I’ve just got out of my car. The suspension creaked a bit as I got out because my car is pretty old. In fact, it might even be time to throw a thousand quid at buying a new runaround soon. Fair enough – this one’s lasted a few years.
I’ve parked on the side of the road in a suburb of Exeter. I have a mile and a half to walk before I reach the place where I’ll spend the rest of the day. It’s very uphill.
I feel light drizzle on my face. It’s great. Everyone else seems to love the sun, but there’s nothing I like better than a mild, damp morning. Seeing some blue sky and sunshine at some point today would be nice but a day of light rain will do just fine.
I’m trying to decide whether to put my hood up or not. It’s June, so I opt for letting the rain wet my hair a bit rather than getting too hot.
My walking cadence varies between mornings. Some days I drag my feet lazily whilst I’m turning something over in my head. Other times I practically quick march all the way in to town. I opt for the latter today as I’m feeling purposeful. James and I had a good chat about our portfolio management software (Rebo) last night and I’m pretty motivated to start programming.
I choose the route that goes past the cathedral. I’m an atheist but I’m impressed.
I look up at the building which was completed in the early 15th century and think to myself ‘where there’s a will…’. If the medieval stonemasons and builders achieved this, surely a couple of well-motivated programmers can get our app to where it should be.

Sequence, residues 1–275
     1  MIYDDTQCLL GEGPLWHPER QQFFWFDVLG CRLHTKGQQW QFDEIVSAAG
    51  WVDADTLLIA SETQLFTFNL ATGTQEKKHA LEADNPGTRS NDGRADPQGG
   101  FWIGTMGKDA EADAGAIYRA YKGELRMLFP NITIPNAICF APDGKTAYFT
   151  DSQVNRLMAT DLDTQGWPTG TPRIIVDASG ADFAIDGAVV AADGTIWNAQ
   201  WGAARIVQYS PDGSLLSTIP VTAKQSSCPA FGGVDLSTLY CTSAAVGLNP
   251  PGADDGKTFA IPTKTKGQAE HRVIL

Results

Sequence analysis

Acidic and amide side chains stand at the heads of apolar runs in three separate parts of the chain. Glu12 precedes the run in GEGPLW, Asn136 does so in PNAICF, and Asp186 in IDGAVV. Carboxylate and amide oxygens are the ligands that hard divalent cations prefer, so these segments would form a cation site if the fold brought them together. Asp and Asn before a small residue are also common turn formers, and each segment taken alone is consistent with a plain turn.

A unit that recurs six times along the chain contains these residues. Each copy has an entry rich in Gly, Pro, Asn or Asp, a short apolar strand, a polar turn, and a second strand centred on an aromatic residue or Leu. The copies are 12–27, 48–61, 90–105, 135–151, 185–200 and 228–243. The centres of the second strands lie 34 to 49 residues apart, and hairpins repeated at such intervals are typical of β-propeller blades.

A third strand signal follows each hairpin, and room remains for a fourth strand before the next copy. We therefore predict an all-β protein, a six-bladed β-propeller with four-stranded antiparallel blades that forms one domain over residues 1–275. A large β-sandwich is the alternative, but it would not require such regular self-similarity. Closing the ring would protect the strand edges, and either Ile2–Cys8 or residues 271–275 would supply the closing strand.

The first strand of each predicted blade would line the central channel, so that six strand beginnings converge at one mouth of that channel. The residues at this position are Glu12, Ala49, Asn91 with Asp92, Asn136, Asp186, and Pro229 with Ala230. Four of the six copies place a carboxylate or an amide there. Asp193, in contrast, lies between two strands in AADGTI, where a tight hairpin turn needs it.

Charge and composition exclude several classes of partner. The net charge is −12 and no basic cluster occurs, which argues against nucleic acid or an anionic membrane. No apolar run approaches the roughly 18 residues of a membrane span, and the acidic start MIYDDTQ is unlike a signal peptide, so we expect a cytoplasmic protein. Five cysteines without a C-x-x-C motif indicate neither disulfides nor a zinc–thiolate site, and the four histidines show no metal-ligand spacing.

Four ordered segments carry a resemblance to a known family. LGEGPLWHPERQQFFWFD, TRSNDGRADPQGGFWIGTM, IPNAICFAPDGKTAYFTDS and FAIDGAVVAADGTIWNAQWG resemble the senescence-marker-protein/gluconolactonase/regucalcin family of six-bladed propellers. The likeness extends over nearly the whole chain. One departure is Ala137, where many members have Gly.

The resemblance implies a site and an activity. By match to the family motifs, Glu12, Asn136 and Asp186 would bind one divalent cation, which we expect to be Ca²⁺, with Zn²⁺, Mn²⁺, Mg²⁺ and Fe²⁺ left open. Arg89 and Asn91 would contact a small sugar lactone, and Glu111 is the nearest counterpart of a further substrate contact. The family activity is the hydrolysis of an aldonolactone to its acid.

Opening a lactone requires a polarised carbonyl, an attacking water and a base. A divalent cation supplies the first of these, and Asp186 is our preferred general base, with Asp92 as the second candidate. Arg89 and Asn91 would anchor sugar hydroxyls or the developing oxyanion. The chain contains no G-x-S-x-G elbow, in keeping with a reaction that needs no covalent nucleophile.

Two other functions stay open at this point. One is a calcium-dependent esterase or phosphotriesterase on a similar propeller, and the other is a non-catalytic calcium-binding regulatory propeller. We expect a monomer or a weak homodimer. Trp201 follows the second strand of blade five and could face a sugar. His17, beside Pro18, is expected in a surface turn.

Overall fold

I get in to the office at about 9:15 and put the kettle on.
I work at The Generator.
It’s a co-working space in Exeter and I’ve had a permanent desk here for almost 4 years. I was in the ‘second wave’ of members – I wasn’t here at the beginning, but I joined while the community was still quite small.
This place is great. It’s not that there’s anything special about the building (in fact it’s getting a bit worn out – don’t even ask about the plumbing!) but the concept is brilliant. Few people in here have bosses. I doubt there are a lot of performance reviews. There is, however, plenty of hard work going on. And what’s more, we’re all friends.
The community at The Generator is made up of loads of different types of people. We have illustrators, marketers, architects, translators, entrepreneurs and of course a few techies like me. My little corner of the office sometimes attracts a reasonable amount of interest just because of the fact there’s usually a prototype of something or other on my desk.
My friend Chris walks in to the community area.
We end up sitting down on the comfortable chairs and ‘talking business’/procrastinating. Chris used to be an engineer with a 9-5 just like I did, but he quit 4 years ago too. He now makes a living doing a combination of digital marketing and online retailing (check out ZeroMe if you’re interested in cutting down your plastic consumption).
We waste 20 minutes. Hold on, wasn’t I feeling purposeful?
Chris and I stand up out of our chairs and we each emit exaggerated groans as if we’re in our 60s. We exchange a knowing ‘time to get some work done’ look.
Interestingly, we’ve both billed enough hours this week to meet our respective financial obligations/goals and we’re each going to spend today working on speculative ventures. If we decided to just declare today a holiday and go and partake of some leisure activity, that would be fine.